Venilale, Timor-Leste, 2009

Community-sensitive development is a term that I have coined to describe ways of working that put communities at the centre of development. I guess what I’ve tried to do is to capture in a single phrase the work that I’ve been doing over the past decade or so, first in the Aboriginal Australian context and then in the Timor-Leste context. Partly, this is because it seems like an easier answer when the inevitable question ‘so, what do you do?’ arises at dinner parties. Certainly it’s more informative than ‘that weird thing that Deb researches’, which is often how my work has been described. But it’s also, I think, important to attempt to quantify it. To give it a name.

Over the years, what was originally a professional interest has become my life, my mission. My love. The people I once lived with as I was conducting research, high up in the mountains of Timor-Leste, have become my family. I care deeply about what happens in this village. I want to see things work out for them.

Being connected to this family and community has taught me so much. I have had the privilege of watching as people experienced first hand the introduction of capitalism and of liberal democratic systems of governance—both of which form the (sometimes spoken, sometimes unspoken) baggage of development. I’ve been part of the discussions that they have about what’s working for them, and what’s not working.

And what I have learned, as I have watched how development projects have been implemented in the communities I’ve lived in, is that so much is missed. Without a doubt, change has come. But not always the ‘right’ change. So much has been lost, so much thrown away by people and organisations wanting to ‘improve’ the community. I’ve spoken to elders who told me of their great sadness, seeing the old, communal decision-making processes of their culture being ignored, and now slipping away. I’ve spoken to younger people who want all the benefits that the new systems bring, who move to the capital city, and now spend their days being unemployed and poor—sometimes happier and sometimes sadder about their new circumstances. I’ve seen first-hand the divisiveness that money can bring to a community, when projects are implemented by people who do not understand the context—witnessing the irony of development projects ultimately making things worse.

I’ve also seen the great beauty of people who choose to come together in their community to make positive change. I’ve seen people who have experienced great violence, choose to work things out, to figure out how they are going to live together. I’ve seen very poor people who always give what they can to help each other out, using whatever resources are at hand, including their cultural and spiritual beliefs, to make their lives better.

What I’ve noticed is that most of the time, these things work because they emerge from the community themselves. From their context, their reality and worldview.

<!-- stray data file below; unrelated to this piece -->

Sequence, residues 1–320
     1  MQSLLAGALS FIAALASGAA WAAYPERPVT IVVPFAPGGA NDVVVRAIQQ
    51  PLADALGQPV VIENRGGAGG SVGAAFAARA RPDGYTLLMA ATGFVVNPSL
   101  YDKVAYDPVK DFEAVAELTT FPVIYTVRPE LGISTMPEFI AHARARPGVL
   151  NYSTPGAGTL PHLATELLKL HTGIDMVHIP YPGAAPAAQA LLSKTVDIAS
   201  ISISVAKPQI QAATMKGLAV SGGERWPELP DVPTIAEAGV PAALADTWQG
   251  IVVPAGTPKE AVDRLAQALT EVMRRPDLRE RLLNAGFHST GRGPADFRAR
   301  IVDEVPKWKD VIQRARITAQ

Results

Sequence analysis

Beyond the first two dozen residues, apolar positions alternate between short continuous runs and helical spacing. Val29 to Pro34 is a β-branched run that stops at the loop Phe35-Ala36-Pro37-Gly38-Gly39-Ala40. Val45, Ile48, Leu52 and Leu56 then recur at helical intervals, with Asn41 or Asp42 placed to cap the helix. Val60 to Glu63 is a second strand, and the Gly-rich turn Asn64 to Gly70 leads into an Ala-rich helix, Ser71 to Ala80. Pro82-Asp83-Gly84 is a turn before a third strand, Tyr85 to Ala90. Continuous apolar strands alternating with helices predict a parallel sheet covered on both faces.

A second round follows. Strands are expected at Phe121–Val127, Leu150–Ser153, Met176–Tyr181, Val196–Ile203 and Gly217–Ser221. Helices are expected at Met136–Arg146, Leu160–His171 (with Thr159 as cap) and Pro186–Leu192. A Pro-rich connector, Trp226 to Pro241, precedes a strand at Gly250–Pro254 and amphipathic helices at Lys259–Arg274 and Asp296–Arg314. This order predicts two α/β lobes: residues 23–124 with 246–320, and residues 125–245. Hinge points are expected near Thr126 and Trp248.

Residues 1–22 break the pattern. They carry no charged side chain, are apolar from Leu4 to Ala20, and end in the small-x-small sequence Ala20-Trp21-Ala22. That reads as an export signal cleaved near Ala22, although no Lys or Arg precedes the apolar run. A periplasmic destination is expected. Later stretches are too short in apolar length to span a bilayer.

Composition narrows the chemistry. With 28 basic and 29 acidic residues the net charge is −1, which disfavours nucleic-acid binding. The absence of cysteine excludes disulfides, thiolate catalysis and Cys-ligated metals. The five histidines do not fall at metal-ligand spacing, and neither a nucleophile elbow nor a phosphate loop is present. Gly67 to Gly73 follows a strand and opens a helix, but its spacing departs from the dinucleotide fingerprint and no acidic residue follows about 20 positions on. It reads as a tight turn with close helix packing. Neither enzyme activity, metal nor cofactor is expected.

As I have learned more about village life, one thing has become crystal clear to me: the approach of the ‘development industry’ needs updating. This doesn’t mean giving up on the idea altogether. Quite the opposite. There is inherent human good in alleviating poverty, and in promoting human rights (including the whole spectrum of social, economic, cultural and political rights.) What I mean is that the basic idea which underpins the development industry needs to be put to rest, once and for all. This is the idea that a society, or a community, should ‘develop’ by moving from ‘traditional’ ways of being to more ‘modern’ ways of being. The inbuilt presumption is that this is what we’re all working towards.

But is it really? I mean, stop and think about it. What does the word modernity actually mean? What does traditional mean? The images that spring to mind are actually pretty flimsy. Perhaps you think about a particular dress code, or different types of housing, or access to technology. But as concepts, they’re actually pretty hard to define. And if they’re hard to define, this indicates that there’s something

What I have learned is that the lived experience of villagers living in a postcolonial setting is not one of artificially choosing between state-based (modern) and customary (traditional) ways of being. The reality is that people need both: they are simultaneously members of their culture as well as citizens of the state. They cross daily between cultural systems of governance and state-based systems of governance, and these systems bleed into each other, they inform each other. This basic fact has very practical implications for the development process.

What I have termed community-sensitive development is all about moving away from this unhelpful baggage of modernity and tradition, and instead finding ways to embrace and work with the cultural diversity that exists in communities. The emphasis is on process as much as it is on outcome. It borrows significantly from community development, but it’s different in that its scope is often much larger than a single community. But while its scope is similar to international development, it is qualitatively quite different to these larger-scale development approaches that tend to follow a one-size-fits-all approach.

It’s about putting community realities and needs at the heart of everything that we do. It’s about taking local politics – and culture and customary governance – seriously enough to include it in all the development work that we do.